Taoiseach lavishes praise on Creighton for 'invaluable work'
TAOISEACH Enda Kenny heaped praise on European Affairs Minister Lucinda Creighton as Fine Gael's rising star contemplates her future in the party.
Mr Kenny paid tribute to Tanaiste Eamon Gilmore and Ms Creighton for their "invaluable contribution" to Ireland's EU Presidency.
She accompanied the Taoiseach to Strasbourg following her keynote speech on the abortion legislation.
Mr Kenny made particular reference to their work in securing political agreement on the EU's seven-year budget.
Wrapping up Ireland's seventh EU Presidency with a speech to the European Parliament, Mr Kenny said tackling the "horror of youth unemployment" was the "one single issue" of the presidency.
Mr Kenny said at this "difficult juncture" and "particularly torrid period" it was important the markets now saw that "Europe could solve its problems".
He added that Ireland's achievements during the past six months had now "bolstered the credibility of our union".
Mr Kenny outlined the delivery of a number of key agreements during the EU Presidency period including the so-called MFF– the EU's Multi-annual Financial Framework.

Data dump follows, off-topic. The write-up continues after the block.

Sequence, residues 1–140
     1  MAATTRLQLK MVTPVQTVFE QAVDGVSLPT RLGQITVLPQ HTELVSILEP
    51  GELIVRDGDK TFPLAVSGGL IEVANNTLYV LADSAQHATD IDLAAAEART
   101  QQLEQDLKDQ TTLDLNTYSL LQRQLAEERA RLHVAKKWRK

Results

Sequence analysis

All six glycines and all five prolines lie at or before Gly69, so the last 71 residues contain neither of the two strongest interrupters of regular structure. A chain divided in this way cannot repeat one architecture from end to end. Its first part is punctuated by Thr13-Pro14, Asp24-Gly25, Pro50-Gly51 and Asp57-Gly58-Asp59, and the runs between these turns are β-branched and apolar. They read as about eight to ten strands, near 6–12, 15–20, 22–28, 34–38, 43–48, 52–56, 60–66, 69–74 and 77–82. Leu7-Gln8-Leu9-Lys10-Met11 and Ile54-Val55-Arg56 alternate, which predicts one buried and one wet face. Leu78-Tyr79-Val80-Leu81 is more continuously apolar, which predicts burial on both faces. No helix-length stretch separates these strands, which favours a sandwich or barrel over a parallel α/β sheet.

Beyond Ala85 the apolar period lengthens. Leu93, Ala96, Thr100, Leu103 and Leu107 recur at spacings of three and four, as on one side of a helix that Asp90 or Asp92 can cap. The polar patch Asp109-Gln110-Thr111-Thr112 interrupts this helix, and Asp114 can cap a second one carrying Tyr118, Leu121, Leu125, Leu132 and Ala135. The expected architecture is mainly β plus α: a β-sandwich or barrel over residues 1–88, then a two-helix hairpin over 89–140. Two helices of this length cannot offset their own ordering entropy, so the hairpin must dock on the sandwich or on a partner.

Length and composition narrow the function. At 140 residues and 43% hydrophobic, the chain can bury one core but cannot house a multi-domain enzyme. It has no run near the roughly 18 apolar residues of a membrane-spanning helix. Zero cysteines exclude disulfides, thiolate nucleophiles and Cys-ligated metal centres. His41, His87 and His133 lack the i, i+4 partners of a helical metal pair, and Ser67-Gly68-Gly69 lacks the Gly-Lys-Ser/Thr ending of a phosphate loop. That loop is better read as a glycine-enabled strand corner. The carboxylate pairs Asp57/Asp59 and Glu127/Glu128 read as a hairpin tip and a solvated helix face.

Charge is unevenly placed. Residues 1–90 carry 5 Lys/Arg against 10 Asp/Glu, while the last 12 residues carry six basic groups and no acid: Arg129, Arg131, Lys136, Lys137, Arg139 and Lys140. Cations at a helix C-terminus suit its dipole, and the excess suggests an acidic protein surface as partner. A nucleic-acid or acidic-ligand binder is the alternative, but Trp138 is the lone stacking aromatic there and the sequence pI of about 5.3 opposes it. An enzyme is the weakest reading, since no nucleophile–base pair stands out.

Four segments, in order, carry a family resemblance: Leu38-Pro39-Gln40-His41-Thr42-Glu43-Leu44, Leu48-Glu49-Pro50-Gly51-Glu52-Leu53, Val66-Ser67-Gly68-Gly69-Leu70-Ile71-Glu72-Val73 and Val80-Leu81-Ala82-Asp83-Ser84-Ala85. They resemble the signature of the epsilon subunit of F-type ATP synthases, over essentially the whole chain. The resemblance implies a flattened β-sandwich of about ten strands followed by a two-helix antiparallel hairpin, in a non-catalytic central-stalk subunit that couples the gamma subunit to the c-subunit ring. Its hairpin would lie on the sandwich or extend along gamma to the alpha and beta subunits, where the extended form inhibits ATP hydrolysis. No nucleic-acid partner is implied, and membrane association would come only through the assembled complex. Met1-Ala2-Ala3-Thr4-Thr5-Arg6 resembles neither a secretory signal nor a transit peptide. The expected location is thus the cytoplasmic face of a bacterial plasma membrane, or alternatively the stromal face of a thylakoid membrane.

The agreement for the €960bn investment programme was delivered just last Thursday after months of "frustration" and "differences of opinion".
It covers infrastructure, education, research, and agriculture and will now be reviewed again in 2016 at the behest of the European Parliament.
The Taoiseach said while it was an "understatement" to say not everyone was happy with the deal, a commitment in the final stages to frontload €8bn towards initiatives tackling youth unemployment had now "bolstered the credibility of the European Union".
Mr Kenny described as "heartening" the commitment from all member states to provide training, education or 'the chance of a new job' for people under the age of 25 within four months of becoming unemployed, under the newly created Youth Guarantee scheme.
He said the scheme was "one of the most significant signals to Europe's struggling men and women, that Europe is rising to the challenge.
Ireland is likely to benefit from these measures due to its 26.7pc youth unemployment rate, but it is not yet clear by how much.